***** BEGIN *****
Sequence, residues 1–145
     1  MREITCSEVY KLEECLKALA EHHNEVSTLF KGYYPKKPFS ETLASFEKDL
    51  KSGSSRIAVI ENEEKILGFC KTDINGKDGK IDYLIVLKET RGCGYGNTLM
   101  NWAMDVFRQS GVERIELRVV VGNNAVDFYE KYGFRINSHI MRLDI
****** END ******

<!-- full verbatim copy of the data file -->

Sequence, residues 1–145
     1  MREITCSEVY KLEECLKALA EHHNEVSTLF KGYYPKKPFS ETLASFEKDL
    51  KSGSSRIAVI ENEEKILGFC KTDINGKDGK IDYLIVLKET RGCGYGNTLM
   101  NWAMDVFRQS GVERIELRVV VGNNAVDFYE KYGFRINSHI MRLDI